EU High Representative for Foreign Affairs and Security Policy Josep Borrell commented on the comparison made by Foreign Minister Sergey Lavrov at a January 18 news conference of the policy pursued by the United States and its allies towards Russia to Adolf Hitler’s actions. The EU foreign policy chief’s remarks sound hypocritical especially in view of his racist statements about the world being divided into a “garden” inhabited by a billion citizens of the EU and the US, and the “jungle” threatening to invade it, as well as given the EU’s open support of the neo-Nazi regime in Kiev. Since 2014, the Armed Forces of Ukraine and nationalist battalions have been shelling with impunity the cities of Donbass, the Kherson and Zaporozhye regions of Russia, killing civilians, including children. Meanwhile, the EU is providing training for Ukrainian militants and is about to deliver even more weapons and military hardware which will continue to be used to kill civilians. The EU says there are no parallels yet they close their eyes to the swastikas on Ukrainian armed forces shoulder straps, Nazi flags and the very symbols with which the Europeans savagely invaded our land over 80 years ago.
We also note that the Russian Foreign Ministry has been flooded with messages from citizens and Jewish NGOs, including the official statement by the Euro-Asian Jewish Congress, who are baffled by Ariel Muzicant, the President of the European Jewish Congress, calling on Sergey Lavrov to apologise, especially since Ariel Muzicant is not authorised to make official comments on behalf of all Jews in European countries.
This is yet another instance of certain organisations trying to pit different nations and peoples against each other. We have to remind them that it was our people that over 80 years ago stood up for the defence of humankind against the Nazi plague, misanthropy, Nazism and aggressive imperialist militarism without dividing the world into ethnicities. While the Nazis were exterminating Slavs, Jews, Roma and other ethnicities together in gas chambers, our fathers, grandfathers and great-grandfathers were fighting against the Wehrmacht and liberating concentration camp prisoners. It is their memory that we hold sacred and will continue to cherish for centuries to come. We must also remember that January 27 is marked each year as the International Day of Commemoration in Memory of the Victims of the Holocaust as an acknowledgment of the efforts by the Red Army troops who on that day in 1944 liberated the prisoners of the Oswiecim (Auschwitz-Birkenau) Nazi concentration camp. Meanwhile, in the late 20th – early 21st century we encountered a desire to discredit our country’s role in the fight against Nazism and neo-Nazism, outright Russophobia and calls to “cancel” Russia. Any attempts to exonerate Nazism and racist practices must be resolutely pushed back. This is what should unite nations rather than divide them.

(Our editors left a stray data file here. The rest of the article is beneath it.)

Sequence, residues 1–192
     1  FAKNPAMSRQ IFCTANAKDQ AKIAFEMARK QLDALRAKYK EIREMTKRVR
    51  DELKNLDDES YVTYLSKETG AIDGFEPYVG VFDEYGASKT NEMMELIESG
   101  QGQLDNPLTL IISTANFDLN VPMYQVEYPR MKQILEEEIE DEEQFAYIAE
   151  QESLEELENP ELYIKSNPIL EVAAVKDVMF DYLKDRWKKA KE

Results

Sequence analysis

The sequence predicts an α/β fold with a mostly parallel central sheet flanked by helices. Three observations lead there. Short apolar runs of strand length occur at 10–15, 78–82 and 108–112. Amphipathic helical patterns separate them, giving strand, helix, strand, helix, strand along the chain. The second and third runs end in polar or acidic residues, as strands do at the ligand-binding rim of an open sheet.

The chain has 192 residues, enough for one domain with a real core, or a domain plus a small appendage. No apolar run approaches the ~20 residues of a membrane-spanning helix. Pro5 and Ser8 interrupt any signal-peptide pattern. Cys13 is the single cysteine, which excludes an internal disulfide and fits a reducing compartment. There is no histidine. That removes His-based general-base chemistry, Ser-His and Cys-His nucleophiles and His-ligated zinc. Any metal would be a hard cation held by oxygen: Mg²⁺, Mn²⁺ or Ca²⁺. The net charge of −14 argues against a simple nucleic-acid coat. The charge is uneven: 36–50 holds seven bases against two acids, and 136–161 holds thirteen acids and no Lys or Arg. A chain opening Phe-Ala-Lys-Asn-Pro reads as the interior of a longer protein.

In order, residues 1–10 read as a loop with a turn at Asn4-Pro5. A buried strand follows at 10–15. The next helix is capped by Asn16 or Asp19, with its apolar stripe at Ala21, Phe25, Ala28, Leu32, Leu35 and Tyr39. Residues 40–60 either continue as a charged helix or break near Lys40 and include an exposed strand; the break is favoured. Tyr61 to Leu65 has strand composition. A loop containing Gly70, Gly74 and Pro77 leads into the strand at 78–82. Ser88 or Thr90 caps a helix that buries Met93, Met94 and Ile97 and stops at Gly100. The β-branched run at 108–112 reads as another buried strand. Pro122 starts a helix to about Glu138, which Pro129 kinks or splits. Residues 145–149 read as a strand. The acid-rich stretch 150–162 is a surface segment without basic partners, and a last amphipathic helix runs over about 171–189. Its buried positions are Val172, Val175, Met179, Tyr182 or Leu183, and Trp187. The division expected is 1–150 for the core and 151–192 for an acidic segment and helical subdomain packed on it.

Hundreds of thousands of Jews were fighting in the ranks of the Red Army as well as in the armies of the other members of the anti-Hitler coalition. During the Great Patriotic War, about 501,000 Jewish servicemen were enlisted in the army. Many of them volunteered to go to the frontline. There were 305 ethnic Jews among the Red Army generals and admirals. The highest state award, the title of the Hero of the Soviet Union, was granted to 131 Jews during that war; 45 of them received it posthumously. Russia’s 217 natives hold the title of the Righteous Among the Nations, which is conferred on non-Jews who, by risking their lives, saved Jews during the Nazi occupation of Europe and the Holocaust. Their number also includes Red Army soldiers. It was the people of the USSR that suffered the most casualties among the participants of the anti-Hitler coalition. They remember very well, and not superficially, the crimes committed against our country’s citizens, including the horrific crimes of the Holocaust. The so-called Western “democratic coalition” of today ignores the current Kiev regime’s glorification of the crimes committed in Lvov, Baby Yar and Khatyn; they turn a blind eye to the Nazi slogans, insignia and SS-Division names used at the state level and by the Ukrainian armed forces units – this is what distorting the memory of the Holocaust and victims of Nazism looks like. Just as the numerous unpunished crimes against Russian-speaking citizens of Ukraine and statements by Ukrainian politicians that killing as many Russians as possible is the purpose of their struggle and existence.
We would like to ask where organisations like the European Jewish Congress were when monuments to liberator soldiers were demolished in Europe; when Nazis were marching in European capitals bearing anti-Semitic symbols and chanting anti-Semitic slogans; and when the Europeans tried to undermine our resolution at the UN on fighting the glorification of Nazism?
It is never too late to acknowledge one’s mistakes and make the right moral choice. Therefore, we call on Europe to raise its voice to fight anti-Semitism, Russophobia and other instances of discrimination policies against certain nationalities and ethnicities.